March 15, 2014

By Jeff White (

GREENSBORO, N.C. — Before he traveled to this city for the ACC men’s basketball tournament, Tony Bennett received a text from a friend in Seattle.

Wally Walker congratulated Bennett, who’s in his fifth season at the University of Virginia, on being named ACC coach of the year. The former UVa great also “mentioned that on behalf of the `76 team, we would be delighted to have ACC tournament company!” Walker recalled in an email Saturday evening.

Walker, of course, led the sixth-seeded Cavaliers to the ACC title in 1976 at the Capital Centre in Landover, Md.

In basketball, the ACC tournament winner is considered the official conference champion, and ’76 marked the first time Virginia was crowned. It remains the only time, but the Wahoos will try again to change that Sunday.

If Walker can’t make it to Greensboro for the ACC championship game, he said, he’ll follow his alma mater on TV, as he did Saturday.

“So much to like and admire about this year’s team,” Walker said. “Particularly love its grit.”

For the first time since 1994, when they lost to North Carolina in the championship game, the `Hoos have put themselves in position to win a second ACC title.

“Obviously, what [the ’76 team] did was special,” Bennett said, “because of how special the ACC tournament is. But it would be great to [hang] another banner or have that to share with them.”

Top-seeded Virginia held off fifth-seeded Pittsburgh 51-48 in a fiercely contested semifinal Saturday afternoon at the Greensboro Coliseum, where the capacity crowd included Bennett’s parents. His mother, Anne, also attended the Cavaliers’ quarterfinal Friday. Dick Bennett, who stayed in Charlottesville on Friday, surprised his son by driving to Greensboro early Saturday morning and showing up at the team hotel.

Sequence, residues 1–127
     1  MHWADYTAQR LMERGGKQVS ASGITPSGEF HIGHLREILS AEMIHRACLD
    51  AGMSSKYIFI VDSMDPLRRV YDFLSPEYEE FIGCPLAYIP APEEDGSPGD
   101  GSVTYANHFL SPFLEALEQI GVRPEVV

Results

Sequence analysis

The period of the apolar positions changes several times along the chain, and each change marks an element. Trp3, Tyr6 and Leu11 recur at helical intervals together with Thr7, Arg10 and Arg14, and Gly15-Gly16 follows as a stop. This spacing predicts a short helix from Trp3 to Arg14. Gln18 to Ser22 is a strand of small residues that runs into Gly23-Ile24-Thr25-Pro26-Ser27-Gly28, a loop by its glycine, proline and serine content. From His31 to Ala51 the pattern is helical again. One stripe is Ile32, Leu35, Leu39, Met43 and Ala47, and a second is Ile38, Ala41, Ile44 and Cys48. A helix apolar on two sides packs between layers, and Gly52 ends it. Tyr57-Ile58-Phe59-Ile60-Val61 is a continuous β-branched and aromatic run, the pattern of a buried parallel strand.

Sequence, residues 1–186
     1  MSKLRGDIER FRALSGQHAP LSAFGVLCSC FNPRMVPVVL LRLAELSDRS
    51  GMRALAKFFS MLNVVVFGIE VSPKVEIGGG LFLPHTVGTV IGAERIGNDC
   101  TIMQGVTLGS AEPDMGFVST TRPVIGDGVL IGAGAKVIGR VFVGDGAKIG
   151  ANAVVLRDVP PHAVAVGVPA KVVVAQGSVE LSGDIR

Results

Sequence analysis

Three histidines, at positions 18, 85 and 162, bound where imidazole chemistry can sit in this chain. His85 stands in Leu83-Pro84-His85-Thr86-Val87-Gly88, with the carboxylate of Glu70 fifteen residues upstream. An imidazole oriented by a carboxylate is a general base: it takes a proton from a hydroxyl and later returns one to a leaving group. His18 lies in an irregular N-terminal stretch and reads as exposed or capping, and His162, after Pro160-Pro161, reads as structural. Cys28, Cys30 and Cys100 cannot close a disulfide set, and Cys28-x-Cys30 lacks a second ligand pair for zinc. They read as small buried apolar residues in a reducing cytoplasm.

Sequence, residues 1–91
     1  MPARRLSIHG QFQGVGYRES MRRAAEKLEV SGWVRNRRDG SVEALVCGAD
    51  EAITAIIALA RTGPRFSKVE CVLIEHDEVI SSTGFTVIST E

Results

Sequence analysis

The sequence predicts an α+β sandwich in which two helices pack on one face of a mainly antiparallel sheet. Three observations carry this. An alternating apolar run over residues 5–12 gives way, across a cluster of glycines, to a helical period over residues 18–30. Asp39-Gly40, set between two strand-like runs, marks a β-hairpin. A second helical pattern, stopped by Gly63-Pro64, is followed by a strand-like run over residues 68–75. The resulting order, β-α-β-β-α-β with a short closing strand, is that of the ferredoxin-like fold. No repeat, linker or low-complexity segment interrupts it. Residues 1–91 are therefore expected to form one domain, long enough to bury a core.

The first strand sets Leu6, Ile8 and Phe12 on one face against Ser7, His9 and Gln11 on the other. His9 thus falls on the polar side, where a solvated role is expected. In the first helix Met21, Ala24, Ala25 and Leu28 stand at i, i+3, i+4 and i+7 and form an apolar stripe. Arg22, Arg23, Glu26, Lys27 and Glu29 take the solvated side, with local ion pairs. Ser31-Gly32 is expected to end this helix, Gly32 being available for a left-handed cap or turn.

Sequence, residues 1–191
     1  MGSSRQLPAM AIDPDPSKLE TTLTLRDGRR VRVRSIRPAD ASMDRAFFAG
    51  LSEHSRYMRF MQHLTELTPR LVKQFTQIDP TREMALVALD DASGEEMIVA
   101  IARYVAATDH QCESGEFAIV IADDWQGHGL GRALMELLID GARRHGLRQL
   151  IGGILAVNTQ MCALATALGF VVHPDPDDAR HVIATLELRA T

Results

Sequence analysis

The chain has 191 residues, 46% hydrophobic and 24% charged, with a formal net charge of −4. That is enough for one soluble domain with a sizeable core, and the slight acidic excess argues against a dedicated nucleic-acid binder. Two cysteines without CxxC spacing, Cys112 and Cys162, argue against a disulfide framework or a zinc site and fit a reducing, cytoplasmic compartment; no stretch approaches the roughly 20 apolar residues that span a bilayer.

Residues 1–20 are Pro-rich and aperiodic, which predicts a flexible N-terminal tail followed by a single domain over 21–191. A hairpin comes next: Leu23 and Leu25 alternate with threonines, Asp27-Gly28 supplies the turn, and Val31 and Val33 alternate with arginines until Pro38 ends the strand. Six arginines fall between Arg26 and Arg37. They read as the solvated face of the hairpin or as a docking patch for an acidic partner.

Much like the regular-season meeting between these teams, which the Cavaliers won on a last-second 3-pointer by redshirt sophomore guard Malcolm Brogdon, the rematch turned out to be what, Tony Bennett said, his father termed a “blue-collar knuckle-buster.”

Redshirt sophomore big man Anthony Gill hit both ends of a one-and-one with 8.5 seconds left to push Virginia’s lead to 51-48. Sophomore swingman Justin Anderson then blocked a 3-point attempt by Pitt guard James Robinson to effectively seal the victory for UVa in its first ACC semifinal since 1995. Anderson is an outstanding leaper who, at 6-6, stands three inches taller than Robinson.

“You saw Justin unfold on that shot,” Bennett said, “and that was obviously a great play.”

Anderson said: “Robinson got some separation on me, and I wanted to make sure I didn’t get any cheap fouls or anything off the screens. Once I saw that he hesitated a little bit to shoot the first time, he pump-faked a little bit, and then I just jumped and contested it and I felt four fingers on it, and that was the best feeling ever.”